How to Use A Retiring Allowance

As a full-time farmer or small business owner you may face high levels of taxable income when it's time to wind down or transfer your operation. There are strategies available to lessen the tax impact of selling your farm or business assets, but they take advance planning. 

If your business is incorporated this is another tax-minimization strategy you might consider at the time of sale or transfer. A retiring allowance is defined as "an amount received at retirement in recognition of long-term service or as compensation for loss of employment."

If your business is not incorporated you cannot pay yourself a retiring allowance, but you still can to your employees, including family members.

Retiring allowances are treated as employment income for individuals who receive them. The advantage of having such payments classed as a retiring allowance, however, is that recipients can transfer a portion of the amount for years of service prior to 1996 to their RRSP without affecting their RRSP deduction limit and without immediate taxation.

Key factors to consider in using a retiring allowance as a tax minimization strategy are, first, the maximum allowed for transfer to an RRSP and, second, the amount that is reasonable based on length and type of service to the business.

The maximum amount of retiring allowance that can be transferred to an RRSP for any given year is $3,500. This number comprises $2,000 for each full or partial year of service prior to 1996, plus an extra $1,500 for each year of service before 1989 - provided you are not entitled to receive any benefits from contributions you made to a registered pension plan (RPP) or deferred profit sharing plan (DPSP) for those years.

For years between 1989 and 1995 the limit is a straight $2,000 per year of service, regardless of whether you are a member of an RPP or DPSP. No amounts can be added for years of service after 1995 (when tax rules were changed).

You cannot transfer the eligible part of your retiring allowance to your spouse's RRSP. It must be transferred to your own RRSP. By transferring directly to your RRSP, you avoid immediate withholding tax on that income.

The rules are somewhat different for the non-eligible amount of a retiring allowance. You can contribute it directly to your own RRSP without withholding tax, provided you have enough unused contribution room to use the full amount as an RRSP deduction in the tax year of the transfer. Or you may contribute to your spouse's RRSP. You include the amount in your income, but then take an offsetting deduction for the contribution to your spouse's RRSP.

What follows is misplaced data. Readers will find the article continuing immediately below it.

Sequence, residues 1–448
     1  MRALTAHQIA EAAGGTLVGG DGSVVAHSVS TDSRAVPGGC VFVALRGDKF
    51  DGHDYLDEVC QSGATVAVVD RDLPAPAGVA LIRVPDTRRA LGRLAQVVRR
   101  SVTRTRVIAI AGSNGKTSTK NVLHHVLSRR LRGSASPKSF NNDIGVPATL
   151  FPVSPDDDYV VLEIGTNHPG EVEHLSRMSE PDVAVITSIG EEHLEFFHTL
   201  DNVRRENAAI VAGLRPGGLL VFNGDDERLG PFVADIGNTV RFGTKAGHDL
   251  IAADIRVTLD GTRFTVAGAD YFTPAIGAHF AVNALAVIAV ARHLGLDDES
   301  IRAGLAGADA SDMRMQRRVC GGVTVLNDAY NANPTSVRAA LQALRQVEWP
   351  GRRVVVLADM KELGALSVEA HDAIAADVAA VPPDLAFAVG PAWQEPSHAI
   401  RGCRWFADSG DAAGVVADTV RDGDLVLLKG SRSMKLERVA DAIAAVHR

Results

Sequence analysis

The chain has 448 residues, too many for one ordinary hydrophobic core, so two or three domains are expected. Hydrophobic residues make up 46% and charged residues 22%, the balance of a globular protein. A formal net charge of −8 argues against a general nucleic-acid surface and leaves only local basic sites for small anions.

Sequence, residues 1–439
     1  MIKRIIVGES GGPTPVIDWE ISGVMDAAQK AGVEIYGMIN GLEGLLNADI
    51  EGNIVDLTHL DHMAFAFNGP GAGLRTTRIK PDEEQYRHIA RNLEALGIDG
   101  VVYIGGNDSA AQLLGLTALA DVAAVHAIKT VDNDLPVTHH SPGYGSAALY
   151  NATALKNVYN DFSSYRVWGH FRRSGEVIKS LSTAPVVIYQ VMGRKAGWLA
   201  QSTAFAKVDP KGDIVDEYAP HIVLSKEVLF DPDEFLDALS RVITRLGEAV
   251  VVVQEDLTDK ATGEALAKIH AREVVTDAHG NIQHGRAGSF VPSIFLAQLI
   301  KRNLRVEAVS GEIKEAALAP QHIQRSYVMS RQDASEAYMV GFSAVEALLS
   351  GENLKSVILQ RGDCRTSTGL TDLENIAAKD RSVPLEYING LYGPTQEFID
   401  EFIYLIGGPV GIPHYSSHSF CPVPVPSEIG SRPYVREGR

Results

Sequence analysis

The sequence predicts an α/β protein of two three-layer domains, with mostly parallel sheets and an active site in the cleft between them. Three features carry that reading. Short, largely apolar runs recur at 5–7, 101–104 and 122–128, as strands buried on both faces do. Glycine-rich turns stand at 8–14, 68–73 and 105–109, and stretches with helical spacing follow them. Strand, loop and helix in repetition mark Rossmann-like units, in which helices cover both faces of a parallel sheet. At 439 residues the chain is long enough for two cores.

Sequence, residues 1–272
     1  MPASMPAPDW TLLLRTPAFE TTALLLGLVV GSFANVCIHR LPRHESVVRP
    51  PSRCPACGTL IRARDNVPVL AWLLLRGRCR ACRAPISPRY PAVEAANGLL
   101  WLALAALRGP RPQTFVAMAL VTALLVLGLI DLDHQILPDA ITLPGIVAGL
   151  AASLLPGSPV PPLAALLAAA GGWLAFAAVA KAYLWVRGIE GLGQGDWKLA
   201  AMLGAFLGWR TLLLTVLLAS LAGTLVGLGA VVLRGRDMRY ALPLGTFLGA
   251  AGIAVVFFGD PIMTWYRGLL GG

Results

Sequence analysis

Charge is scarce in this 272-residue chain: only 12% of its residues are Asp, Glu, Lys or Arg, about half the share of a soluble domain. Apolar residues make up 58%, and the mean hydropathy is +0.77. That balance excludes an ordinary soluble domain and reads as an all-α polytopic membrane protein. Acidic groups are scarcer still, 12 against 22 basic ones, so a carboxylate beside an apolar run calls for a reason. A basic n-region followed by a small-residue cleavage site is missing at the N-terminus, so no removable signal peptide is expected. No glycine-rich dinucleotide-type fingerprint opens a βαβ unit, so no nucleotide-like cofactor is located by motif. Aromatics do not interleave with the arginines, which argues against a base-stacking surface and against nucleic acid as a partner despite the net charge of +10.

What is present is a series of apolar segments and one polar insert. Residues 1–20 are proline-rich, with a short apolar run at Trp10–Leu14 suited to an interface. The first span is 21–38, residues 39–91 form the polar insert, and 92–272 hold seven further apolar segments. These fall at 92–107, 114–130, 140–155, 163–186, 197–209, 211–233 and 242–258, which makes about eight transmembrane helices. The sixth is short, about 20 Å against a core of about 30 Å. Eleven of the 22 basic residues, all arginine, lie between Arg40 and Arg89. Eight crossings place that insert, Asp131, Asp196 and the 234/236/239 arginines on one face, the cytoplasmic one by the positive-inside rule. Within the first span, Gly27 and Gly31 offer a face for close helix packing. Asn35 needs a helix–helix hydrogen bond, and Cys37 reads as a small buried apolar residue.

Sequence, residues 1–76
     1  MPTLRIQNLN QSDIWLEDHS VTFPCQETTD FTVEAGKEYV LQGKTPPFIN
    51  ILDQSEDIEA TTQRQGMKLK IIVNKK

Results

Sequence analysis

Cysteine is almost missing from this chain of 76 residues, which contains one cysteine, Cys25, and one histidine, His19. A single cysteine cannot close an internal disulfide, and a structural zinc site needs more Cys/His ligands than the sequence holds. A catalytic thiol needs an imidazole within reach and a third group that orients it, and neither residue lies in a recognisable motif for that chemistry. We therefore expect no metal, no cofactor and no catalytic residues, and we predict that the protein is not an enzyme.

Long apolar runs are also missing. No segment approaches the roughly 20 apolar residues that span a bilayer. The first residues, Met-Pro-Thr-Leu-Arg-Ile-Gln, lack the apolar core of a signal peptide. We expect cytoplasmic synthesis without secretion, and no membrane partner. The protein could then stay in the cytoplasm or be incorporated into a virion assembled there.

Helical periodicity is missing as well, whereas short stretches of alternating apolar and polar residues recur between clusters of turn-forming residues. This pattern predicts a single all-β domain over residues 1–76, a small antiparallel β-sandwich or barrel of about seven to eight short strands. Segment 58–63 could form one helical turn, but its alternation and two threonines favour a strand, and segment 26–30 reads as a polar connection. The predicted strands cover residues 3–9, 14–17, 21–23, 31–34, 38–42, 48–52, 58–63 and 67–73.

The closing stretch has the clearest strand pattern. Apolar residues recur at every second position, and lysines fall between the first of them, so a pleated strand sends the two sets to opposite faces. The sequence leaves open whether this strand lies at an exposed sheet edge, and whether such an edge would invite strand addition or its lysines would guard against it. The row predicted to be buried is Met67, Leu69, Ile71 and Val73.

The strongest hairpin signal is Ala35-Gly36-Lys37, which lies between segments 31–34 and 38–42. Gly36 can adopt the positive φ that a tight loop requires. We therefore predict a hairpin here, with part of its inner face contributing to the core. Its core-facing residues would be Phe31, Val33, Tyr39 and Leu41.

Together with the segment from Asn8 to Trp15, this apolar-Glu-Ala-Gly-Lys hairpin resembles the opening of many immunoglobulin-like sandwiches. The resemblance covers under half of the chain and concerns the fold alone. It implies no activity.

The second important issue in paying a retiring allowance is to make sure the amount is reasonable. Otherwise the Canada Revenue Agency (CRA) may not accept it as a deduction against farm or business income for tax purposes. The amount of an allowance must realistically account for the recipient's years of service to the business, the amount earned while working for that business, and the type of work actually performed.

The number of years of employment with your business need not be continuous, and there is no restriction on the length of the break between periods of service. The CRA "reasonableness" rule of thumb for a retiring allowance is 2.5 times an employee's average annual salary for the last 5 years of employment, less any RRSP, RPP or DPSP amounts received.

Usually, an employed spouse also qualifies for a retiring allowance. Prior to 1980, however, an unincorporated business owner was not allowed to deduct (as a business expense) remuneration paid to a spouse. So a few years ago, CRA was asked to comment on a situation where no salary had been paid to a spouse prior to 1980.

Could services provided by the spouse prior to 1980 be considered eligible for contributing a retiring allowance to an RRSP? CRA indicated that, in a particular case, it might be possible to prove the existence of an employment relationship even without remuneration. CRA also noted that where an employment relationship existed but remuneration was very low or non-existent, a payment on retirement might constitute deferred compensation.

One can reasonably assume that this position could be expanded to include similar post-1979 low- or non-remunerated years of service for a spouse or other family members where a bona fide employment relationship existed.

It's always prudent to talk with your tax advisor before implementing strategies like a retiring allowance. Professional advice can help you maximize the tax benefits for your business, yourself and/or your employees.

For another strategy, read how you can draw on your RRSP savings accounts while avoiding clawback of Old Age Security payments.